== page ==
Use cases

It is pretty thrilling to see the team building a new system (in the open) that brings many of the learnings of backend platform engineering to the fun world of development workflow. We think it can enable some powerful use cases—for example:

  • Today, for GitHub: 

    • Make sure that no new dependencies are added to a project that include high severity CVEs in the transitive dependency chain, or that are not appropriately licensed

    • Make sure that branch protection is enabled for all my hundreds of repositories, and enable Github Advanced Security features on all repositories labeled ‘prod’

  • In the future, for Kubernetes

    • Make sure that nothing is deployed into a Kubernetes cluster that isn’t signed, or includes a high severity CVE

    • Trigger a workflow that submits a PR requesting an update (and full CD cycle) when something running in your Kubernetes environment has a new vulnerability discovered in it.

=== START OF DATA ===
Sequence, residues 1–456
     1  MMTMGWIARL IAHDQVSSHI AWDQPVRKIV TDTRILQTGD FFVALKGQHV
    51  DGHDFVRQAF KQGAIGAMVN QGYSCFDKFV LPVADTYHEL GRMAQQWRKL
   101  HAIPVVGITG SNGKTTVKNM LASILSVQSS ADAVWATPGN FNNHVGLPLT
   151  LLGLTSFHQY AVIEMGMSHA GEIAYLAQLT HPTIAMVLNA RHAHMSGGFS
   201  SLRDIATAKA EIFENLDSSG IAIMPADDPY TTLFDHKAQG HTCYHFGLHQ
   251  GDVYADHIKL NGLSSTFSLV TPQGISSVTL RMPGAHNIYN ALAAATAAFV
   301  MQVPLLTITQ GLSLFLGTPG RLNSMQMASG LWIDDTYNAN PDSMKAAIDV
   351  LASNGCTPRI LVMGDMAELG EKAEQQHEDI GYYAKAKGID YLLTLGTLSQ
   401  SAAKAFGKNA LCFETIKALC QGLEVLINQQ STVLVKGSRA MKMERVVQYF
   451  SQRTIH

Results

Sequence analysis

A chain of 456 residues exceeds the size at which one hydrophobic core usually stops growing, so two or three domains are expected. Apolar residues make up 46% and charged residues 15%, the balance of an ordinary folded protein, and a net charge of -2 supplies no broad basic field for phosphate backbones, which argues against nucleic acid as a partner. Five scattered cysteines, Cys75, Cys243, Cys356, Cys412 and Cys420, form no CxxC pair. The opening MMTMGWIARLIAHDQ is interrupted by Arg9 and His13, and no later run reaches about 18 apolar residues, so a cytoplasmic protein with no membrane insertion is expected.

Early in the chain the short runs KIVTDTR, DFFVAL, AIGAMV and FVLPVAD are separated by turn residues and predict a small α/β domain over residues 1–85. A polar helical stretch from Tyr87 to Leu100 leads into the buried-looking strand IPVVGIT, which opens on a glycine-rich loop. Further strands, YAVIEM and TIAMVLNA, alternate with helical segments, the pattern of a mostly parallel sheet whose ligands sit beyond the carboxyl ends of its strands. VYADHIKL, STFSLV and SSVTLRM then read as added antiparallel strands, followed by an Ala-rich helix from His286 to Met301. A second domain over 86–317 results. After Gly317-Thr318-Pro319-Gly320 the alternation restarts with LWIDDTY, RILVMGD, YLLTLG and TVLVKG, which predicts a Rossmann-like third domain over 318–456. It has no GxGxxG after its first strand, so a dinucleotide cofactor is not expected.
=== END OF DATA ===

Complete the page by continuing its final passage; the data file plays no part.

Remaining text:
Getting started with Minder

Here are some ways you can learn more and get started with Minder: 

We have made some really good progress with Minder, but still have a long way to go to fully materialize the vision. We invite you to join the community and be a part of the journey. Feedback is always hugely welcome and appreciated.

Craig McLuckie, Stacklok's CEO, is a seasoned startup founder with substantial experience in the open source and cloud computing realms. Prior to Stacklok, he co-founded Heptio to support enterprise adoption of Kubernetes, the open source container orchestration system he co-founded while at Google. In November 2018, Heptio was acquired by VMware, where Craig transitioned to VP of R&D, establishing VMware's Tanzu cloud native computing business and managing a large engineering team. In addition to co-founding Kubernetes while at Google, Craig also established the Cloud Native Computing Foundation and spearheaded the development of Google Compute Engine, alongside Heptio and Kubernetes co-founder and CTO Joe Beda.